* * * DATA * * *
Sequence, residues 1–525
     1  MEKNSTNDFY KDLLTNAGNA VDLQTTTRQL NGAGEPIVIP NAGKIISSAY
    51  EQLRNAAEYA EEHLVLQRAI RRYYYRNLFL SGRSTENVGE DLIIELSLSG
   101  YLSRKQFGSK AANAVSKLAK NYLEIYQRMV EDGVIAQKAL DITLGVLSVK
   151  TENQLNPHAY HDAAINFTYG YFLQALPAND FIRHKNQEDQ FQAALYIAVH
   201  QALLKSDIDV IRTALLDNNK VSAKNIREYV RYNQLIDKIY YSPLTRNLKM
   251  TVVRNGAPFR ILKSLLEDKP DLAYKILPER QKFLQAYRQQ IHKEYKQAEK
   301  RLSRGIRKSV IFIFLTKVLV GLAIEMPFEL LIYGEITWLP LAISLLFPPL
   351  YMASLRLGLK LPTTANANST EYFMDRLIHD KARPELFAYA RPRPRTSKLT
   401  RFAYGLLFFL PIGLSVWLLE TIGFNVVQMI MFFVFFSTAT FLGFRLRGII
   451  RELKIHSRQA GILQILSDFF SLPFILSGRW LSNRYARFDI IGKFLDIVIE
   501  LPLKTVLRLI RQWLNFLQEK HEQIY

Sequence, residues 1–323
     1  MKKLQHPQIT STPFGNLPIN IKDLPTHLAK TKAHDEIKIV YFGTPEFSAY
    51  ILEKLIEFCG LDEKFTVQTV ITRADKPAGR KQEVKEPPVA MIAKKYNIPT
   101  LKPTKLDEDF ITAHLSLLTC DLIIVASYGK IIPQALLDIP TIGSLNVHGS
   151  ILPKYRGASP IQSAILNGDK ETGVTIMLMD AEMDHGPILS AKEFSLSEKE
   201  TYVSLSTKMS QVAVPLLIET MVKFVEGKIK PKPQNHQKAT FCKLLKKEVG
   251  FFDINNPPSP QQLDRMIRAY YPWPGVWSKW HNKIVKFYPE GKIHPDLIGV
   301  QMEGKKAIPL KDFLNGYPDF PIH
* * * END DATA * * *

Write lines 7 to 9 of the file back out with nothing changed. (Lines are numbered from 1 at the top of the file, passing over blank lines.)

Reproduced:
   251  TVVRNGAPFR ILKSLLEDKP DLAYKILPER QKFLQAYRQQ IHKEYKQAEK
   301  RLSRGIRKSV IFIFLTKVLV GLAIEMPFEL LIYGEITWLP LAISLLFPPL
   351  YMASLRLGLK LPTTANANST EYFMDRLIHD KARPELFAYA RPRPRTSKLT